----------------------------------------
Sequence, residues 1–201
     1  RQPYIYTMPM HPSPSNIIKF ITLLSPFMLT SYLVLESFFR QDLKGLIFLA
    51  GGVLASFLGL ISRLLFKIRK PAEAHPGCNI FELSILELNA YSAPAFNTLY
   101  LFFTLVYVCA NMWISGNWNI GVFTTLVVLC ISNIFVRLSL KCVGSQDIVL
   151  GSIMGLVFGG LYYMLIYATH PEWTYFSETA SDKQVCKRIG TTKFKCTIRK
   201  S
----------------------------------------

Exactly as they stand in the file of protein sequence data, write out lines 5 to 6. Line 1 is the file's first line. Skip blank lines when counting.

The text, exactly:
   151  GSIMGLVFGG LYYMLIYATH PEWTYFSETA SDKQVCKRIG TTKFKCTIRK
   201  S